Backyard range fuels ambition

ALVON, W.Va. — As much as she loved shotgun sports, 17-year-old Makayla Scott grew weary of traveling four hours just to practice with a team.

So, she took matters into her own hands. She and her father built a skeet range in their backyard and gathered a team of middle- and high-school shotgun enthusiasts to shoot there. It didn’t take them long to start winning medals.

“All this got started last year,” said Scott, who became a star among junior shotgunners in 2019 by shooting on a team that set a world record by breaking 14,167 clay targets in a 12-hour span.

“I had heard about the Scholastic Clay Target Program, and I wanted to shoot on an SCTP team. West Virginia didn’t have a team at the time, so I joined a team in North Carolina.”

It’s a four-hour drive from her home in Alvon, Greenbrier County, to Salisbury, North Carolina, and Scott soon tired of traveling that far to practice with her teammates.

“We did it, though, and the team was amazing,” she recalled. “We shot in the nationals, but the travel just got to be too much. So I said to Dad, ‘Why don’t we put a skeet field in the backyard and have our own SCTP team?’ He was like, ‘Um … OK.’ “

The timing worked out nicely. The Greenbrier 4-H shooting team didn’t have a practice facility because their range in Caldwell had closed, so Makayla and her dad, Telford, asked several of the 4-H members if they’d like to join an SCTP team.

“We expected to get maybe six or seven shooters,” Makayla said. “We ended up with about 25.”

Living in a rural area has its advantages. The small farm Makayla and her family live on had ample flat space for a regulation skeet range, which measures about 130 feet wide by 65 feet deep.

Work on the backyard range began on Jan. 16. Makayla knew the facility would need two target-throwing machines, so she reached out to one of her personal sponsors, MEC Outdoors, and asked if they’d donate the machines. They did.

She knew, too, that some of the shooters on the newly formed club would not own their own shotguns.

“She got in touch with another one of her sponsors, (shotgun manufacturer) CZ USA, to see if they would help,” Telford said. “They donated $7,000 worth of shotguns to the team.”

Work on the range progressed quickly. The Scotts built a high house and a low house for the throwing machines, and poured concrete pads at all the shooting stations.

“The machines arrived on Feb. 20,” Telford said. “I was at work, so Makayla and one of her coaches installed them.

“As soon as they got them hooked up, they got their shotguns and started shooting — out there wading around in the mud.”

A semicircular gravel walkway now keeps shooters out of the mud on damp days. The Scotts have also added a couple of artistic touches — a flagpole that flies the American flag, and small planting beds with sponsors’ logos reproduced with white marble chips. They plan to add a trapshooting facility soon, and, perhaps in the future, a five-stand sporting clays range.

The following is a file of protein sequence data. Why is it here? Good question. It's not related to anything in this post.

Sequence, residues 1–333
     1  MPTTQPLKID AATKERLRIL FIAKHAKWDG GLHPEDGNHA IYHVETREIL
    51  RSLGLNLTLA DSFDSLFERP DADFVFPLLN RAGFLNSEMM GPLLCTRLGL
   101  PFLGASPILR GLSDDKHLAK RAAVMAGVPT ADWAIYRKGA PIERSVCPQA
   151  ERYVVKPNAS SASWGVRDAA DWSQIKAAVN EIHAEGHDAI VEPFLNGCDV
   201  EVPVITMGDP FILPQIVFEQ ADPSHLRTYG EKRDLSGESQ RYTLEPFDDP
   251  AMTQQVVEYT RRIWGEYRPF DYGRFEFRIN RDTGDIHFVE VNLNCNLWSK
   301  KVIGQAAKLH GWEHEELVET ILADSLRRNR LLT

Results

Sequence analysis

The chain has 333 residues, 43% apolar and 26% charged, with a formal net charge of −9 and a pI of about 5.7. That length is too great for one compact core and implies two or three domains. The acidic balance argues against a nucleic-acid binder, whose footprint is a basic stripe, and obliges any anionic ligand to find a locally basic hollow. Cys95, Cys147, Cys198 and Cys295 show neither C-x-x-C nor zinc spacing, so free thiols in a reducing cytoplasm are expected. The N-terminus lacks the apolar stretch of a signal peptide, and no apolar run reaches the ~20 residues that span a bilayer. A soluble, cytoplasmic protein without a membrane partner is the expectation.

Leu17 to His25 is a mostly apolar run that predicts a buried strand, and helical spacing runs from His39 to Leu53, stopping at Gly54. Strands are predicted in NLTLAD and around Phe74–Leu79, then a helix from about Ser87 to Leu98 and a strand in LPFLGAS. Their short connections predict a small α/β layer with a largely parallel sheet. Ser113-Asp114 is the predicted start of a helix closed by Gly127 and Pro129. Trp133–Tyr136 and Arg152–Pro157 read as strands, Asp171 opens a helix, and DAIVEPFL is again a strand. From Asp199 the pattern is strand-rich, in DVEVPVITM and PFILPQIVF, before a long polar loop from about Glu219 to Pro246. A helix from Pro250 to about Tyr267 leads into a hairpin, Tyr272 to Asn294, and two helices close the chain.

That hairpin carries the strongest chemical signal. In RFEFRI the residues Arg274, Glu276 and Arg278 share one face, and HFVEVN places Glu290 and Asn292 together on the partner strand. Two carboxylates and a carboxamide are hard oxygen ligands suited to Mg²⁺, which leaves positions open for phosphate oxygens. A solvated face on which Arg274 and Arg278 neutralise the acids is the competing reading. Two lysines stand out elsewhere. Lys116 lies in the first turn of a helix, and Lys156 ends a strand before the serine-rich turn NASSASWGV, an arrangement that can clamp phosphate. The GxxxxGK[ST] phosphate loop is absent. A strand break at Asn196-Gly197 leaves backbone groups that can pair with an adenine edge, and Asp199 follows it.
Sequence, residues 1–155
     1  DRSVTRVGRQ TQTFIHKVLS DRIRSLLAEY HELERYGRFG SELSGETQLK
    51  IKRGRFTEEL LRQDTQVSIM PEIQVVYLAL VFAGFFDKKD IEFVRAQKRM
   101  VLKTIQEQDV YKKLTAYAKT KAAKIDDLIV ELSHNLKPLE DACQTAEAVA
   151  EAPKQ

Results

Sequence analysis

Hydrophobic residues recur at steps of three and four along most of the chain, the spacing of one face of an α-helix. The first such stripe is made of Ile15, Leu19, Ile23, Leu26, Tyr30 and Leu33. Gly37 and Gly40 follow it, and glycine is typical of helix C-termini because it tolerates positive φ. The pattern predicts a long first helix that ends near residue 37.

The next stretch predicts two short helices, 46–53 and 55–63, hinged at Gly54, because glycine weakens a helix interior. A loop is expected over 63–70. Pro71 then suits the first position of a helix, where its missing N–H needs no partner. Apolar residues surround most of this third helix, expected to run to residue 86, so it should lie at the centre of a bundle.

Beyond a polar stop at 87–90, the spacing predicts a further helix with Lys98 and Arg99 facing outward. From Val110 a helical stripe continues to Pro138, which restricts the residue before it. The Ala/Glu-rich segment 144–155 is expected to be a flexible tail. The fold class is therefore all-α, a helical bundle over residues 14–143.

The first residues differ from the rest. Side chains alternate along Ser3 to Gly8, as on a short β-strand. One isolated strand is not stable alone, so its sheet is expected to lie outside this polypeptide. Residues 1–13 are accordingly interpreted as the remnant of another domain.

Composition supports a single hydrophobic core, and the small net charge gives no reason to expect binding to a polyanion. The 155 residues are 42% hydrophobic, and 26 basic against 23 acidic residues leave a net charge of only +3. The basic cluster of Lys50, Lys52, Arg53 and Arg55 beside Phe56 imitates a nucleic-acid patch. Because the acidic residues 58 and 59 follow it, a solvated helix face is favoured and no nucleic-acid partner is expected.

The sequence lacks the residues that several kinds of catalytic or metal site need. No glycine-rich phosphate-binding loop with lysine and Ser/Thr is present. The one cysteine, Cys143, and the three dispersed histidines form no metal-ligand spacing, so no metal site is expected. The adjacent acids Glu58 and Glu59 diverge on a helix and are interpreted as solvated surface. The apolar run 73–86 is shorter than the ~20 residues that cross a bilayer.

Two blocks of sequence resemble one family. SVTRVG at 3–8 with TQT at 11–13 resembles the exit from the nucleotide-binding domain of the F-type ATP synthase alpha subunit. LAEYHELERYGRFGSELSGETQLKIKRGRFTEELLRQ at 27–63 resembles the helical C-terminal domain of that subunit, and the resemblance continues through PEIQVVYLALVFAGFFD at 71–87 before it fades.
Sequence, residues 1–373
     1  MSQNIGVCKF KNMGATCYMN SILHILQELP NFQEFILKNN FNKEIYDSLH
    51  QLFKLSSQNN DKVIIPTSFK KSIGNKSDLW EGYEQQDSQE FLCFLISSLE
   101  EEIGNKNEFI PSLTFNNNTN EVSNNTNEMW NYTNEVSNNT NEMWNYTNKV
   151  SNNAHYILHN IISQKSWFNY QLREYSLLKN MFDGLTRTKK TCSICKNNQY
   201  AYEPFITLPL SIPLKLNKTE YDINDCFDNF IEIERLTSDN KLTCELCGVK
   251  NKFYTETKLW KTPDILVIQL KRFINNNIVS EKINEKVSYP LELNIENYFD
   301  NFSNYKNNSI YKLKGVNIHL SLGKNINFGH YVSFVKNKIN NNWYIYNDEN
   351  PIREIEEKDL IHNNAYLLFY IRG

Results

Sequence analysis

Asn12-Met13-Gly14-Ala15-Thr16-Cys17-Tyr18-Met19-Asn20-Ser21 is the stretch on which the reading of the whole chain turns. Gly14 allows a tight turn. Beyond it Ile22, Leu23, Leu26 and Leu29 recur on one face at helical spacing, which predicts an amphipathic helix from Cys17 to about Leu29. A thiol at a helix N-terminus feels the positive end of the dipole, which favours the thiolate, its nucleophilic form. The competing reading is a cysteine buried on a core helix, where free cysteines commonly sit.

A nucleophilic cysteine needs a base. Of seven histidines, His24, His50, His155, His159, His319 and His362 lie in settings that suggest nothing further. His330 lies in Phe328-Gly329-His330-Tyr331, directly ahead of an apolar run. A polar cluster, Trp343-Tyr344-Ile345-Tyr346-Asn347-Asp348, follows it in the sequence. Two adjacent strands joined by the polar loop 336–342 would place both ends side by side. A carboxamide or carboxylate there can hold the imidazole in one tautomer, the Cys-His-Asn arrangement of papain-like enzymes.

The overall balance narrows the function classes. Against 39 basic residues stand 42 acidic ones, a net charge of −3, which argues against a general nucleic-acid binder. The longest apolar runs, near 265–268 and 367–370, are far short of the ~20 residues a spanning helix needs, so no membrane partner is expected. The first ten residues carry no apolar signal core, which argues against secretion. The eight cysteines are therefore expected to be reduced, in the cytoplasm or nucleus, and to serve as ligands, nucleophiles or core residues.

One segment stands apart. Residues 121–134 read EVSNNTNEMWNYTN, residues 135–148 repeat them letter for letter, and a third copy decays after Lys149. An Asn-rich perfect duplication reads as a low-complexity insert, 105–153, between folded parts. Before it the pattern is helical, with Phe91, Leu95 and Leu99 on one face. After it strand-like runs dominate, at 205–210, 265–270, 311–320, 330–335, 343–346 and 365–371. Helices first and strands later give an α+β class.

The facility is not open to the public. Members of the 4-H team are allowed to shoot there, as are members of the newly formed SCTP team.

“We chose the name, ‘Mountaineer Clay Crushers,’ for the team,” Makayla said. “We practiced all spring, and we started competing a few weeks ago.”

Both of the competitions they attended were held in Marengo, Ohio, at the Cardinal Shooting Center. In the first, the SCTP Regional Championships, team members fared quite well.

“We took five kids up there, and it was their first chance to perform on a big stage,” Telford said. “Out of a couple of hundred competitors, Makayla got a first and two seconds; Evan Carter got a second, Lilly Goodwin got a third and Caytron Wykle got a fourth.”

The second competition was the SCTP National Championships. Seven Mountaineer Clay Crushers attended the event, which attracted 1,500 shooters. Carter took third in men’s entry-level trap, Makayla a fifth in ladies’ trap, and Goodwin a fifth in doubles skeet.

The team’s veteran shooters all came from the 4-H program. Carter, who lives in Lewisburg, started shooting with the 4-H squad last year but moved to the Clay Crushers when the Caldwell range closed.

“I didn’t have a gun (at the time), and Makayla let me borrow one of hers,” he said. “I’ve since gotten a gun through her connections (with CZ), and that has helped me a lot.”

For Wykle, who hails from Ronceverte, the Clay Crushers have been a way to compete outside the state.

“With the traveling and getting to see other shooters, I’ve learned a lot,” she said.

Goodwin, a cousin of Makayla’s who lives just up the road in Alvon, views the club as a family experience. She also takes pride being a part of the state’s first-ever SCTP squad.

All of the team’s members yearn for the day when another SCTP team gets started in West Virginia.

Makayla wants that to happen, too, mainly because of the opportunities another team would bring to other young shooters.

“I wanted to compete in SCTP because there are always people at the competitions who are looking for young talent,” she said. “It worked out great for me, because it got me involved with sponsors and it got me a full-ride scholarship to Montreat (N.C.) College. I’d like to see other West Virginia kids be able to take advantage of those opportunities, too.”


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